Jimmy Lyons: The Transition
In 1986, Jimmy Lyons died of lung cancer. His collaboration with Lyons had been the closest musical relationship of Taylor’s entire career, lasting over 25 years; for Taylor, Lyons was like Danny Richmond was to Charles Mingus, a corner-stone, unobtrusive, a totally individual stylist, but one equally happy to keep things crackling from a totally non-grandstanding position, neither background nor foreground, but absolutely indispensable to things, without whom the whole structure could collapse, or simply meander. In terms of his own playing, Charlie Parker entering the free-jazz age is the usual comparison, but that absolutely doesn’t do justice to things: totally alive with melodic invention, never stale, always surprising and fresh (check his solo career – the album with Lester Bowie, Other Afternoons, or the amazing groups he led with his wife, the aforementioned bassoon player extraordinaire Karen Borca), Lyons was the link between Taylor and the band, transmitting ideas, solfege, internalising the way both the melodic structures and the broader compositional frameworks of Taylor’s Unit music could incorporate discipline and wild, far-out improvisational openness. Though Taylor taught the entire band the materials, it seems that it was Lyons who really helped in transmitting those ideas – think of the way it’s always him who introduces the luxuriant melodic ‘heads’ on ‘3 Phasis’ and the 1978 ‘Cecil Taylor Unit’ recording). Without Lyons, I doubt we’d have reached the peaks of the late ’70s Unit, where performances would last for over two hours and the music would reach such a peak of information density and total commitment of energy that it seemed to erase linear time in favour of an endless, ecstatic, hyper-kinetic present: a kind of eternity in music created, not from the stasis and peace that the word 'eternity' might suggest, but from pushing things to the limit of mental and physical possibility in a process filled, packed, crammed with action.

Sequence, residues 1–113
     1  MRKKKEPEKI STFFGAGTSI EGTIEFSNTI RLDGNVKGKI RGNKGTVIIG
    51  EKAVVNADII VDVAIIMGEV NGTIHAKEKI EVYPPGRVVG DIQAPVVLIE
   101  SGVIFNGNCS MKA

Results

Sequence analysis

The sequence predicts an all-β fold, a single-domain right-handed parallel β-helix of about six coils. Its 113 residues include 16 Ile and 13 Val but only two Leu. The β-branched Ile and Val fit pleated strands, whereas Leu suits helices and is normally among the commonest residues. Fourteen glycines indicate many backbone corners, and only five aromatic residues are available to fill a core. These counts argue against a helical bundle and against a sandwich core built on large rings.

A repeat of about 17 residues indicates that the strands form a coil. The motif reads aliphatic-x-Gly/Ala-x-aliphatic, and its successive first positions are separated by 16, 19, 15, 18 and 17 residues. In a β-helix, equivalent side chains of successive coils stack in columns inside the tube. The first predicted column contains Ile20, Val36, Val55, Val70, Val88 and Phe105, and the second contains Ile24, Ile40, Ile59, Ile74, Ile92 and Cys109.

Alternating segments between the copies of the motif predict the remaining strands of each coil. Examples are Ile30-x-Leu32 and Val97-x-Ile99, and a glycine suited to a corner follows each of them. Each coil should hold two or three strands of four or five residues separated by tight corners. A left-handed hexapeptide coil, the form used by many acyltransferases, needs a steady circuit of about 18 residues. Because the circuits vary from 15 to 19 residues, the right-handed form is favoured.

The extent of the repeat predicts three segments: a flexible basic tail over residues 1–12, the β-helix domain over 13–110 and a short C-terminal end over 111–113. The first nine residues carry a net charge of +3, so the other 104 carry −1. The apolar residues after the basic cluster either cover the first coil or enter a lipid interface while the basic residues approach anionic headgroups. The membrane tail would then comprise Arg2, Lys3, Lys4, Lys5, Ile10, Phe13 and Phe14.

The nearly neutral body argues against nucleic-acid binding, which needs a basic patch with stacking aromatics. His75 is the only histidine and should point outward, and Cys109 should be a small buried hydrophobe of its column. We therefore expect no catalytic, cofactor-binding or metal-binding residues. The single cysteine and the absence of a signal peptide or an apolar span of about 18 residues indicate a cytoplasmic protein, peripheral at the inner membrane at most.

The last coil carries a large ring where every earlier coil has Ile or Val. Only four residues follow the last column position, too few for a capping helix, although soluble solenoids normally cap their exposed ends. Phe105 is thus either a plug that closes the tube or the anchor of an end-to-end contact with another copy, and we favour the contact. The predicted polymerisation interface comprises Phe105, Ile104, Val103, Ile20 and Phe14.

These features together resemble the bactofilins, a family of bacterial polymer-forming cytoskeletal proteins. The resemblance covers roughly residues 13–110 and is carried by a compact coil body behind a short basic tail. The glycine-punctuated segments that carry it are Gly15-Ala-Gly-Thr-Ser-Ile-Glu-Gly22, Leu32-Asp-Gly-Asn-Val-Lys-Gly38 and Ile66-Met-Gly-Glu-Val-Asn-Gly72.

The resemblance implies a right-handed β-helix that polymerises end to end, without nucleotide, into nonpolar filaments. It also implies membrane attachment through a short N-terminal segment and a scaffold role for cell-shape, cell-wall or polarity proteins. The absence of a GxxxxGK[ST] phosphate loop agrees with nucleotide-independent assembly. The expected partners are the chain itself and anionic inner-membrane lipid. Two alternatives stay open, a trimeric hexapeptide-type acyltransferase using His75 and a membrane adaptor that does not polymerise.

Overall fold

Reportedly, Taylor couldn’t go near a piano again for several months after Lyons death. The first tour made by the Unit, the year after, was marked as a Jimmy Lyons Memorial Tour, and Taylor never found a collaborator who could quite accomplish that anchoring function (particularly in relation to the more arranged, through-composed orchestral conception present in the music from Into the Hot through to Winged Serpents) again (though William Parker and Tony Oxley were persistent and consistent late companions). In an interview from 1987, Taylor recalled:
I met Jimmy Lyons at a coffee shop on Bleecker Street (in Greenwich Village) the week that Hemingway committed suicide […] He (is irreplaceable in all respects--musical loyalty, humanity, friendship, love, responsibility to the music that I wrote, the best interpreter of the music, my right arm, my best friend.